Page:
Identification. The Lango are one of the largest of the non-Bantu ethnic groups in Uganda. They are often classified together with their western neighbors, the Acholi, although they have long regarded themselves as being distinct from them. In the past, the Lango were generally regarded as the residents of a rural hinterland and as people whose activities had little effect on the nation as a whole, but, since Ugandas independence, the Lango have become integrated into national political life.
Location. The Lango live between 1°30′ N and 2°44′ N and between 32°15′ E and 33°15′ E. Their territory covers 14,820 square kilometers, including 1,300 square kilometers of open water and swamp. The gently rolling savanna of Lango territory lies at an elevation of 900 to 1,200 meters. Neighboring ethnic groups are the Acholi to the west, the Iteso to the east, and the Karamojong to the north.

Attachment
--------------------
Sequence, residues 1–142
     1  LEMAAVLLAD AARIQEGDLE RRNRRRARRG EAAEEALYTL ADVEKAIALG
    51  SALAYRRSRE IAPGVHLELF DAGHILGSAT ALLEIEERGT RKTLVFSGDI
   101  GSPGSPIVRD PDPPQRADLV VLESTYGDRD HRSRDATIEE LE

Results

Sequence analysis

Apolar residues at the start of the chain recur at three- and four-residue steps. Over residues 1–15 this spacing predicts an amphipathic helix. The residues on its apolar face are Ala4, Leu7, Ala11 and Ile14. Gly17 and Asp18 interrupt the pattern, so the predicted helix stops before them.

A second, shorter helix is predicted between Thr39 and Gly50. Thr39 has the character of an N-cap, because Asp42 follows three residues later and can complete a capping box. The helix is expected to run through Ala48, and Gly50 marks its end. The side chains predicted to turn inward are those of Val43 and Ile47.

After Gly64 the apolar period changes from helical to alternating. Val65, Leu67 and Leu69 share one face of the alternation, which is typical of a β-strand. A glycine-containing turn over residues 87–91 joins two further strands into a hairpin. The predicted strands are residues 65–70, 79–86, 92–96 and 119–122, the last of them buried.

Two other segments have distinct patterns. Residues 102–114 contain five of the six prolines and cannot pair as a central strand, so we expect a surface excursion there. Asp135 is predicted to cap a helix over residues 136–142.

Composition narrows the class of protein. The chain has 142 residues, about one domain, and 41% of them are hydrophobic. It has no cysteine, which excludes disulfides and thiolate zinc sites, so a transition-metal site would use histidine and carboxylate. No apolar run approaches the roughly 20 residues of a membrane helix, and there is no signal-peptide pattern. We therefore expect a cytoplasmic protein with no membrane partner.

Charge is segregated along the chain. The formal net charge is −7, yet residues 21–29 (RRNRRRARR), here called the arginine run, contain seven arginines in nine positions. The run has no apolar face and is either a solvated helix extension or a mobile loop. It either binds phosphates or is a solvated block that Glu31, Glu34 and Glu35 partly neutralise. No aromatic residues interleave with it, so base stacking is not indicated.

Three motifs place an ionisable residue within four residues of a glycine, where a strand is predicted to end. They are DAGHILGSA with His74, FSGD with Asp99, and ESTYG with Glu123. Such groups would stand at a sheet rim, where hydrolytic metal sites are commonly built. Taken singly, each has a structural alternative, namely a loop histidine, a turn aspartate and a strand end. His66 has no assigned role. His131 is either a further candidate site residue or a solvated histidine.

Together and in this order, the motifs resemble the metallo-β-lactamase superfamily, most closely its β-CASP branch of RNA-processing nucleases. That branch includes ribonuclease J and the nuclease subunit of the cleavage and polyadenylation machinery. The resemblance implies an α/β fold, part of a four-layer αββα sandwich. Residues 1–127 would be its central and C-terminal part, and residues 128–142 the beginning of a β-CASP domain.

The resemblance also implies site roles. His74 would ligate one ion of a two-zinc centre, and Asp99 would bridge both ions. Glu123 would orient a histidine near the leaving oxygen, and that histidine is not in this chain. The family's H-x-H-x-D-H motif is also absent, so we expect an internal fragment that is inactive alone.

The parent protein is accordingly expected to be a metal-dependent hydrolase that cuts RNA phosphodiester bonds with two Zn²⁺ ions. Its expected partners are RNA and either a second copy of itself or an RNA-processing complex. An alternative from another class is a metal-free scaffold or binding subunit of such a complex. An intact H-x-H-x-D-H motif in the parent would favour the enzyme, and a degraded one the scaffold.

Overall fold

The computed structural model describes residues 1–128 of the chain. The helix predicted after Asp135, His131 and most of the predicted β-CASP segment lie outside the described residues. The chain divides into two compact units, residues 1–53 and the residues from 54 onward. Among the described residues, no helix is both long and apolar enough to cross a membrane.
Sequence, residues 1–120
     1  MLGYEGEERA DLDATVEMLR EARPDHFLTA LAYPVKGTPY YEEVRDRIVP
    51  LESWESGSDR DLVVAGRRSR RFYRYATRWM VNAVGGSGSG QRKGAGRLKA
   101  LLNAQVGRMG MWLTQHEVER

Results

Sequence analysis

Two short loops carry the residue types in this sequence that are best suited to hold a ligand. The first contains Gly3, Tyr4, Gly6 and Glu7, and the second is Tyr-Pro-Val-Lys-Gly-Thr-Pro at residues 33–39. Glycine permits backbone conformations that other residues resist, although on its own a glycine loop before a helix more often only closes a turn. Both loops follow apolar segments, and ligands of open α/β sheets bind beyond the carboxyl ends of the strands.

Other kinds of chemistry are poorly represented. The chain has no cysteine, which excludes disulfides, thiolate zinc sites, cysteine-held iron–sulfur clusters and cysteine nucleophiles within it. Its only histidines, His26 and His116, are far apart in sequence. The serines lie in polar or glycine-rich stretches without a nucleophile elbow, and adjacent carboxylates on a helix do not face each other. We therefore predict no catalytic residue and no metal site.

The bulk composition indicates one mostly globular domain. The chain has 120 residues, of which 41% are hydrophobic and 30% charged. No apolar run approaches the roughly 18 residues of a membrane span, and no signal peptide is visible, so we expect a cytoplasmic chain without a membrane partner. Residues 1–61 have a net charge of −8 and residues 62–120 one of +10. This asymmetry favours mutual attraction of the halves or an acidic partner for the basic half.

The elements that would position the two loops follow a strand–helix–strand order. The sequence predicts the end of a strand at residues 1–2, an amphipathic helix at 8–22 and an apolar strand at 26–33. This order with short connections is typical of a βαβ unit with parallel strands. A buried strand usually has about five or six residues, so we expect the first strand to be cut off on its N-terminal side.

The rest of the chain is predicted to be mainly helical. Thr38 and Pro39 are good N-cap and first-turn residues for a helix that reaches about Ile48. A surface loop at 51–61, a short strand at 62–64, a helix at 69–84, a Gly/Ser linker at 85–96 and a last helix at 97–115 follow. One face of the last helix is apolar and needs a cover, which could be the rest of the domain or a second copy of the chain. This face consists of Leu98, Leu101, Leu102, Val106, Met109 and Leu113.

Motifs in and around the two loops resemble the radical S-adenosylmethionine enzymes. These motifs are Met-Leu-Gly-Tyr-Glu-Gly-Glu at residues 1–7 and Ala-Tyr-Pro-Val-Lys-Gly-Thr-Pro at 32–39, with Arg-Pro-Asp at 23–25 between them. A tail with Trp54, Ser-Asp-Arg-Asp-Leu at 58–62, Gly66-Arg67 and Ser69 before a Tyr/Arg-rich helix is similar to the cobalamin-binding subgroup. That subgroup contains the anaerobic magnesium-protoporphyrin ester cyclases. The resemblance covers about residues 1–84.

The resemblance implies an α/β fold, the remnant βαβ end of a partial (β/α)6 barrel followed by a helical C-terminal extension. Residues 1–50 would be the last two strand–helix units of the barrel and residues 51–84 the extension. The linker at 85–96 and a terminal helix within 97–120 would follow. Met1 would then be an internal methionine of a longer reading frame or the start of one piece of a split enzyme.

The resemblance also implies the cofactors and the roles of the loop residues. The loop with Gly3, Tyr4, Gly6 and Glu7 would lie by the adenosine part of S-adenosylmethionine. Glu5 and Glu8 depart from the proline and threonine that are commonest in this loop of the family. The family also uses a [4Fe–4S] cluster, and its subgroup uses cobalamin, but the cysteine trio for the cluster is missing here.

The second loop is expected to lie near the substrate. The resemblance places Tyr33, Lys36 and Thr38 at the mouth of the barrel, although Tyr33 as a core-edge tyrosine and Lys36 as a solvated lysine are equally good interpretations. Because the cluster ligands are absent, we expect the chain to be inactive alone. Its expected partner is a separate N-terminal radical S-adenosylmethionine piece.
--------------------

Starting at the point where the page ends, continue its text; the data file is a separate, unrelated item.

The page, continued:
Demography. There are about 410,000 Lango in Uganda. The population is most dense in the southern part of Lango territory, in the area between Lira and Lake Kyoga, where it reaches about 48 per square kilometer. In the northern and western portions of the Lango District, the population density is about 16 per square kilometer.
Linguistic Affiliation. Lango is a Nilotic language that is mutually intelligible with Acholi. Lango, Acholi, Luo, and Alure are usually classified together as the Southern Luo languages, which means that the Lango are linguistically related to the Luo of Kenya.